Judge admits that at the time, he was ambivalent about doing a series at all. He had plenty on his plate, having been in the middle of shooting his 1996 feature "Beavis and Butt-Head Do America" and writing the treatment and script for what would become 1999's "Office Space."
"The key was, again, doing something I'd have fun doing," he adds. "The executives loved it from the start, which was kind of surprising given how different this was going to be. But I knew if I got this thing on the air and did it right, it would be around a long time because these were all relatable characters. It isn't just Texas. This country has a lot of middle-aged white guys and lawns."
Apparently, the white guys and lawns even extend overseas, given "King's" international reach. The show has been translated into Spanish, French and Portuguese (imagine Portuguese coming out of Hank Hill's mouth) and is licensed everywhere from Australia and France to Germany, Ireland, Japan, Kuwait, Norway and South Africa.
Premiering as a midseason entry on Jan. 12, 1997, "King" immediately caught on with audiences as a Sunday night companion following "Simpsons." It centers on the lives of the Hills and their extended circle of friends, family and acquaintances. Most notably, there is the virtuous, upright Hank, a hard-working, loyal, God-fearing family man who peddles propane for a living and often sees himself as a lone voice of reason in a world gone mad; Hank's well-meaning but generally naive wife Peggy (Kathy Najimy), a champion Boggle player, substitute Spanish teacher and notary public and Hank's rock; 13-year-old son Bobby (Pamela Segall Adlon), a chubby, gender-confused lad who makes his daddy sick with worry most days; and live-in niece Luanne Platter (Brittany Murphy), 18 years old and nubile but neither as dumb nor as promiscuous as she sometimes appears -- she knows how to fix cars and solve logic puzzles, after all.
Giving vocal life to Peggy has made Najimy "the luckiest woman on Earth, hands down," she maintains.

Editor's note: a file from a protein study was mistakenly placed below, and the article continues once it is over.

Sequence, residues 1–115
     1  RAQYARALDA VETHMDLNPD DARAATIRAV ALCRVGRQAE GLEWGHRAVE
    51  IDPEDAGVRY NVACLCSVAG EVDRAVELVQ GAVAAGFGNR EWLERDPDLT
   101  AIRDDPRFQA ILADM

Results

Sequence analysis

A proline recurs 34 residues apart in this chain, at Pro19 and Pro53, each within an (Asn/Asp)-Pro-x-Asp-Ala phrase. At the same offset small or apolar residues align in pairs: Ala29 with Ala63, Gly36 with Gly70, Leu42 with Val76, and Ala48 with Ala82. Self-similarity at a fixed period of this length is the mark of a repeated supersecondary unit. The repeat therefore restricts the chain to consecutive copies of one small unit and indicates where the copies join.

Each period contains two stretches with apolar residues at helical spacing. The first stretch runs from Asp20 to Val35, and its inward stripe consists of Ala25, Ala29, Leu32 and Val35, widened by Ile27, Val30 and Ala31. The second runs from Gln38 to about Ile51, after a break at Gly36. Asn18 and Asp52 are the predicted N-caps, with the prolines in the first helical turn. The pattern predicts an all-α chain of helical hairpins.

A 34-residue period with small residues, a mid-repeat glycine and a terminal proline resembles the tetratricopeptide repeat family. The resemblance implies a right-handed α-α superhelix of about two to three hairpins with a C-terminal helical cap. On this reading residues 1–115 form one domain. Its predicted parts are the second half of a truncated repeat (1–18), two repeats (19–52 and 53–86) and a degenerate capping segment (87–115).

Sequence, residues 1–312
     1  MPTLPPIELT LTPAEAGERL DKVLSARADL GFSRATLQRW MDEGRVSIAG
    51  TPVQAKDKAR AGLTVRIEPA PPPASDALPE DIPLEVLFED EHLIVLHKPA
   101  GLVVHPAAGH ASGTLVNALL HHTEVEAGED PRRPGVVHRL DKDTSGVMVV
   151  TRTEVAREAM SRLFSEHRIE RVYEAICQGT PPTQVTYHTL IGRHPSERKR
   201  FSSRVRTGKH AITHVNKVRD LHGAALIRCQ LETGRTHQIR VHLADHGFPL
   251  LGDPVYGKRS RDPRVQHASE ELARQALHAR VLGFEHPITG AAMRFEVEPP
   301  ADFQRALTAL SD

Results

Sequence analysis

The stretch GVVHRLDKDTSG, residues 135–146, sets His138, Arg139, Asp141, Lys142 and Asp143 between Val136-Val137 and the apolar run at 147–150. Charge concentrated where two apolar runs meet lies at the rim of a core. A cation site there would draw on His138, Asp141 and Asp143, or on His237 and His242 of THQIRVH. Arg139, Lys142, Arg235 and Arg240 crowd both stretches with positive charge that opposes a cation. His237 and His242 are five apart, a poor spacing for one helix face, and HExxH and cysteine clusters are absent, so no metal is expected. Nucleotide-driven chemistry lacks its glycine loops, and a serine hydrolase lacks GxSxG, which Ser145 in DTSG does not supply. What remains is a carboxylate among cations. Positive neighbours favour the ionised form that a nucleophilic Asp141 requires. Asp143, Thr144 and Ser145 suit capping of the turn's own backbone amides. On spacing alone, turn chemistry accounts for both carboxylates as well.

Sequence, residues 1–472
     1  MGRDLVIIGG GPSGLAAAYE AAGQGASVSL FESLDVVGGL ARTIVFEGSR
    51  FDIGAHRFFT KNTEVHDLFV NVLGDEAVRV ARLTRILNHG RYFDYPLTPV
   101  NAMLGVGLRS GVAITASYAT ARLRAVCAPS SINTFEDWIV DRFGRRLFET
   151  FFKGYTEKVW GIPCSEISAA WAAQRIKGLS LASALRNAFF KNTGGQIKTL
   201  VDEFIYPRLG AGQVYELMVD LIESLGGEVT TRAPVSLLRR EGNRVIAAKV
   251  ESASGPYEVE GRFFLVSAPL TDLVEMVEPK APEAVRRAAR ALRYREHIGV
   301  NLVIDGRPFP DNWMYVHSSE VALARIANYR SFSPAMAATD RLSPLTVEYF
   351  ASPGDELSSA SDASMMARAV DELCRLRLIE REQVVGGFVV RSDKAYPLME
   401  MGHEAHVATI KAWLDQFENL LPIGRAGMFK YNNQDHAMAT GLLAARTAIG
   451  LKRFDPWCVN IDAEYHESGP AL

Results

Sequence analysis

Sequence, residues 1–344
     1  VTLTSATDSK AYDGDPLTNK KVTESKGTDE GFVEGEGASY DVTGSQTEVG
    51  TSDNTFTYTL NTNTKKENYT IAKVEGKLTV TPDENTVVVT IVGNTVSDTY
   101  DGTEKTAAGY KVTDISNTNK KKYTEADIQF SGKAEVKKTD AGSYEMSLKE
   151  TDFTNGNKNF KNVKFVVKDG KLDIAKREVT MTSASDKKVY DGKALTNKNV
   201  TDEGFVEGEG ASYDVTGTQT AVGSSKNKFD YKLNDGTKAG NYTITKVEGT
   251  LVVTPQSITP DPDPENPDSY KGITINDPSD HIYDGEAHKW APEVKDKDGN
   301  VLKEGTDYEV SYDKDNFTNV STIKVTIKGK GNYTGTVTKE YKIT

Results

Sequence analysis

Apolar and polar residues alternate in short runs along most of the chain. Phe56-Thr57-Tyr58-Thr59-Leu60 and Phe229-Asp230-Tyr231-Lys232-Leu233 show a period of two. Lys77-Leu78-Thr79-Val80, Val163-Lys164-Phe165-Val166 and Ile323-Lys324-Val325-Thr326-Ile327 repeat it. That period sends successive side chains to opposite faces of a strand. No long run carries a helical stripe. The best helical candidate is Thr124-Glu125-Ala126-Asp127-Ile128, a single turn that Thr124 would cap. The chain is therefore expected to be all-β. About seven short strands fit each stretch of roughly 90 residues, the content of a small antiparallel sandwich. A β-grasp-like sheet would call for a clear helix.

"What we get to do has been what's consistently some of the best writing on TV," she believes. "We're accustomed to seeing one-dimensional -- you know, either sexy or smart or dumb. But Peggy is all of those things at different times. She's balanced, flawed, self-involved, loving, selfish -- all of the things each of us are in a day. The dialogue is so good and complex and real. The writers could shoot the Hills in a rocket to outer space because it's a cartoon, but they don't. We could work almost as well doing it as live action ... I mean, almost."
To be sure, "King" remains a unique animal in the animation universe, with its gently spoofy but affectionate depiction of rural American life and traditional values in a nation that's grown so philosophically divided (and which "King" reflects). The show's genius, believes 20th Century Fox Television president Gary Newman, is in how it is able to capture and sustain the cultural zeitgeist in a way that wasn't at all derivative of "Simpsons."
"Mike Judge found a really unique voice and characters and a specific point of view that, from the beginning, felt like something entirely different from anything we'd seen before," Newman says. "You've got an Everyman at the center in Hank Hill, whose common-sense approach to life allows for tremendous social commentary, satirizing political correctness and various points of view."
"King" also has served as a valuable utility player for the Fox network, Newman adds, delivering strong, young-adult demographic ratings no matter where on Sunday night it gets plopped. It's aired at 7 p.m. and 8:30 p.m. in addition to its current 7:30 p.m. showing.
"And I think we've seen sort of a rebirth, with young viewers in particular flocking to 'King of the Hill' the past three or four years," Newman says. "After some lull, I feel as if the show has become hip again, and Mike feels that same creative renaissance for the show since about 2002. That bodes well for the show's future, I think."
Published May 11, 2006